44 13:06 <theStack> i would think the same as robot-visions: no, it's not possible
45 13:06 <pinheadmz> so actually a pruned node could do this: you need UTXO set, not prior blocks
46 13:07 <robot-visions> pinheadmz: that makes sense to me!
47 13:07 <vasild> right, actually, now when I think about it - the question is misleading. We need the utxo for which we need the prior blocks. So the answer would be "no", but however if we somehow have the utxo - then we are good.
48 13:08 <pinheadmz> its a good question :-)
49 13:08 <robot-visions> Agreed :) (good question), a lot of interesting nuance
50 13:08 <jnewbery> vasild: the undo data is written in ConnectBlock(), which we only call for the tip block, so we need to have processed all the blocks up to that point
51 13:08 <sipa> well, you need *all* utxos spent by a block, which may include utxos created the block before, so it can't be created before at least having validated the previous block
52 13:08 <sipa> and after the block itself is activated, those utxos are gone
53 13:09 <sipa> so the only time the undo data can be created for block B is in the narrow timespan betwee block B-1 and B+1
54 13:09 <pinheadmz> this is making me wonder what happens if a node is pruning with depth (say) 100, and 101 blocks get disconencted
55 13:10 <sipa> pinheadmz: hell breaks lose; a pruned node cannot reorg past its prune point
56 13:10 <jnewbery> perhaps it's a trick question. If you're pruning, then you may have discarded the old raw blocks when you're connected blocks at the tip
57 13:10 <pinheadmz> i suppose it doesnt make a difference right?
58 13:10 <pinheadmz> sipa is that really right?
59 13:10 <jnewbery> pinheadmz: it is. You'd need to redownload the entire chain
60 13:10 <pinheadmz> shit!
61 13:11 <pinheadmz> and its because we dont have the undo data for block tip-101
62 13:11 <sipa> that's why you cannot prune less than 288 blocks deep
63 13:11 <sipa> undo data is useless without the corresponding block data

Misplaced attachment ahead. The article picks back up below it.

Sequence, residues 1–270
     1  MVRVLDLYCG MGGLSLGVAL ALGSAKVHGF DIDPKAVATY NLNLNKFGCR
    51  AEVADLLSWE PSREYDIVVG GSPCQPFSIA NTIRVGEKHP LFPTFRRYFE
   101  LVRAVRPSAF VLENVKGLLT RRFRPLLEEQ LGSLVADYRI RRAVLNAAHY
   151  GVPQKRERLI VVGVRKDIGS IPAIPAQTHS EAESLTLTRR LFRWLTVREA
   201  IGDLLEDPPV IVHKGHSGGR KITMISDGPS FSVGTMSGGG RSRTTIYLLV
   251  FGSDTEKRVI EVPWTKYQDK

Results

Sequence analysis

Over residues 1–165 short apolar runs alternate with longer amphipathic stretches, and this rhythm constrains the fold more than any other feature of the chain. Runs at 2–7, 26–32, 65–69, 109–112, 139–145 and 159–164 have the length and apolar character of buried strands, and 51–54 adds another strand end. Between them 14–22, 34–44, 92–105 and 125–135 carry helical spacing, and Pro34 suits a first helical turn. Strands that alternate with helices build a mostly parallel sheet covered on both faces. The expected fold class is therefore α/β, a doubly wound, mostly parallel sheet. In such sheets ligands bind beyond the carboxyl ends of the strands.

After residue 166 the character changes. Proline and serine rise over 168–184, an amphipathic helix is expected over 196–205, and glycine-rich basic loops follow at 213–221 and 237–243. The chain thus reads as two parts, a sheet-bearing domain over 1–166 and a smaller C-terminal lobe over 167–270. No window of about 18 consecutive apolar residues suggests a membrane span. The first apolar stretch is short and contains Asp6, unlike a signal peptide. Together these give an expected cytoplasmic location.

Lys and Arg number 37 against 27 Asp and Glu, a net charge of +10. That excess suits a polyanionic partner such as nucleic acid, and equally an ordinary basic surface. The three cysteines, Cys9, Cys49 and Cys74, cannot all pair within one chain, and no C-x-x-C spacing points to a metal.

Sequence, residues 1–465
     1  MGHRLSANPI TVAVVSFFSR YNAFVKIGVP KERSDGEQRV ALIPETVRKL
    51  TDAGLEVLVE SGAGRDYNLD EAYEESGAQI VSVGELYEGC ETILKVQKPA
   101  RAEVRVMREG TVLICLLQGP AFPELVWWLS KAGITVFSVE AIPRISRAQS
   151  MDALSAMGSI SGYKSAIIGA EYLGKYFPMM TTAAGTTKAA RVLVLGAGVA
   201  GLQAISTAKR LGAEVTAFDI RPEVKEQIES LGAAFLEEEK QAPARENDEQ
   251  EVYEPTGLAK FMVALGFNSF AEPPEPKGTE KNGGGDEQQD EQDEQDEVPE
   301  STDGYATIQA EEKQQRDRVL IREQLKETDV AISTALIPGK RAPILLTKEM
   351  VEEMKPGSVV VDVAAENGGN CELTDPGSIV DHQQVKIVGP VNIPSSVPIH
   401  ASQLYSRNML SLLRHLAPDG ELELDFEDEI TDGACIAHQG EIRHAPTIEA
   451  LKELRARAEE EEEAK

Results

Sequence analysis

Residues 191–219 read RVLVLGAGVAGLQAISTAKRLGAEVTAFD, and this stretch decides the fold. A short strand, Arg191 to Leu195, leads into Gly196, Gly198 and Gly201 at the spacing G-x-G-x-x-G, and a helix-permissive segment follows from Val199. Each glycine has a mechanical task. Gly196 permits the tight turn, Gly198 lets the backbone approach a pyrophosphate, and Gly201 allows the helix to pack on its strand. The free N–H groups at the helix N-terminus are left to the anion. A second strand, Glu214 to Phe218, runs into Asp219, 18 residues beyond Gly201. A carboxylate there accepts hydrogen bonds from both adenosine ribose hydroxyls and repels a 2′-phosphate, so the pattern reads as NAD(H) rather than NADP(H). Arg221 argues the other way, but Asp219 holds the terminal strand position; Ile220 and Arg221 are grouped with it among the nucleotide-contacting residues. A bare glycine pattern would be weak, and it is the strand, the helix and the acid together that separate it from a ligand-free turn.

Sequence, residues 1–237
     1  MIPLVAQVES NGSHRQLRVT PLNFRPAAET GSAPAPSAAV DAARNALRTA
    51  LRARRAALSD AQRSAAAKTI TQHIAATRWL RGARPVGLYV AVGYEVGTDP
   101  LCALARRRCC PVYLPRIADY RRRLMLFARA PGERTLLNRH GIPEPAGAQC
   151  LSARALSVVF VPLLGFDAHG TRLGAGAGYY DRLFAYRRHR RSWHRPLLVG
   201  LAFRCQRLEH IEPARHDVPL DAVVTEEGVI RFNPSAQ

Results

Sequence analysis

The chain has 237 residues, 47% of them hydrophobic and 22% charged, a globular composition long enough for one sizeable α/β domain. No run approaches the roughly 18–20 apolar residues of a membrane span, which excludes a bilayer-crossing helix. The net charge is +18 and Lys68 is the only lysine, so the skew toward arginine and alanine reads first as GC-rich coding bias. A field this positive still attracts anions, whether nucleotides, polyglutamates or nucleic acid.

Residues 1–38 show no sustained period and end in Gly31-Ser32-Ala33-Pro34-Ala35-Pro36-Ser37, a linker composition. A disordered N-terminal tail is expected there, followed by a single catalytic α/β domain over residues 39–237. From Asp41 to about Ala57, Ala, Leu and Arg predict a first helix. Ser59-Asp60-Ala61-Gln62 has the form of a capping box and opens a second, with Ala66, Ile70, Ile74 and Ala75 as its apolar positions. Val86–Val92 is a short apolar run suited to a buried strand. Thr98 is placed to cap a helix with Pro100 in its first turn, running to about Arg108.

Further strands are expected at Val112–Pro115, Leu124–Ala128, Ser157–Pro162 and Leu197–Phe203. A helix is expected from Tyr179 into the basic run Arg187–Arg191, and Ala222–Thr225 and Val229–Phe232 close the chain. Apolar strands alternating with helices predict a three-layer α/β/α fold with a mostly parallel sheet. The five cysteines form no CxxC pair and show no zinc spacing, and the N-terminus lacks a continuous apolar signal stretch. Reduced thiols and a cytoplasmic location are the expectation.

65 13:11 <sipa> as it doesn't contain the txids
66 13:11 <vasild> luckily the minimum prune data one has to keep is 500MB IIRC, so that would be like 500MB worth of blocks a reorg. 500*10 minutes = 3.5 days
67 13:11 <pinheadmz> i always thought the 288 rule was just so we could still relay recent blocks to peers
68 13:11 <pinheadmz> hadnt considered this
69 13:12 <sipa> pinheadmz: the pruned relay came much later; for several major releases pruning disabled all block fetching
70 13:12 <pinheadmz> sure makes sense
71 13:12 <vasild> Do we ever modify existing data in the blocks database, or do we just append new blocks and their undos?
72 13:12 <felixweis> to restore the the utxo we need key=(txid,index) value=(script,amount,blockheight,is_coincase). some info (like original txid) is inferred from the last block (in blk*.dat), the rest is stored in rev*.dat, inputs are in the same canonical order as the inputs in the block spending. (iirc)
73 13:13 <pinheadmz> was the decision about the 288 value controversial at the time?
74 13:13 <sipa> vasild: the blocks leveldb db?
75 13:13 <felixweis> i think if there is every a 288 block reorg, hell breaks lose outside of the software realm
76 13:14 <sipa> pruning modifies existing blocks in it
77 13:14 <vasild> I mean the blk*.dat and rev*.dat
78 13:14 <sipa> no, they're write once & delete when pruning
79 13:14 <robot-visions> vasild: I think we never modify data already written to the blk*.dat and rev*.dat files (but is it possible to prune / delete later)?
80 13:14 <robot-visions> thanks sipa: for going back in time and answering my question before I wrote it
81 13:15 <vasild> right, so we only append to blk*.dat and rev*.dat and never update/modify or delete (except deletion in prune)
82 13:15 <sipa> in which case files are deleted as a whole
84 13:17 <oyster> vasild how does "not modifying existing blk* and rev* data square with: "In addition to the blk*.dat files, we also generate and store “undo” information for each block in corresponding rev*.dat files. This can be used to revert all the transactions from the block if we need to disconnect the block from the chain during a reorg. Unlike blocks, this information is always stored in block height order."
85 13:17 <jnewbery> (actually I found the whole passing down of `const FlatFilePos* dbp` through that call stack confusing)
86 13:17 <oyster> Does it mean that in order to ensure "information is always stored in block height order." that the rev data isn't written until all the blocks are processed up until that point?